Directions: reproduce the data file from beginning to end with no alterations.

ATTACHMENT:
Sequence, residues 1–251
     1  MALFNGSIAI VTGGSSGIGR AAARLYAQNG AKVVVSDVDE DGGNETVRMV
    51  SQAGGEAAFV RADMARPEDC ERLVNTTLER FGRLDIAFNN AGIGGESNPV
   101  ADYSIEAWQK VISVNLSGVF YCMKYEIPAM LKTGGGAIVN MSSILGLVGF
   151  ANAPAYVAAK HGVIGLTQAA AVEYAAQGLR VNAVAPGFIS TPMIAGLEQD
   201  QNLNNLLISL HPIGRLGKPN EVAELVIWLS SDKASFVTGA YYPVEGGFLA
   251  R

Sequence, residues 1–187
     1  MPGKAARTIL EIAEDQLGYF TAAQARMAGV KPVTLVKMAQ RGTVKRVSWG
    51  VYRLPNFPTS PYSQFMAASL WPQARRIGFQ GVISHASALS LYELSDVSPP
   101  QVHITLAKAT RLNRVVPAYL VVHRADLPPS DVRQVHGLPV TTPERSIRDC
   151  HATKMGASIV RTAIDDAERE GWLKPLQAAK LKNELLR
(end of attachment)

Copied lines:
Sequence, residues 1–251
     1  MALFNGSIAI VTGGSSGIGR AAARLYAQNG AKVVVSDVDE DGGNETVRMV
    51  SQAGGEAAFV RADMARPEDC ERLVNTTLER FGRLDIAFNN AGIGGESNPV
   101  ADYSIEAWQK VISVNLSGVF YCMKYEIPAM LKTGGGAIVN MSSILGLVGF
   151  ANAPAYVAAK HGVIGLTQAA AVEYAAQGLR VNAVAPGFIS TPMIAGLEQD
   201  QNLNNLLISL HPIGRLGKPN EVAELVIWLS SDKASFVTGA YYPVEGGFLA
   251  R

Sequence, residues 1–187
     1  MPGKAARTIL EIAEDQLGYF TAAQARMAGV KPVTLVKMAQ RGTVKRVSWG
    51  VYRLPNFPTS PYSQFMAASL WPQARRIGFQ GVISHASALS LYELSDVSPP
   101  QVHITLAKAT RLNRVVPAYL VVHRADLPPS DVRQVHGLPV TTPERSIRDC
   151  HATKMGASIV RTAIDDAERE GWLKPLQAAK LKNELLR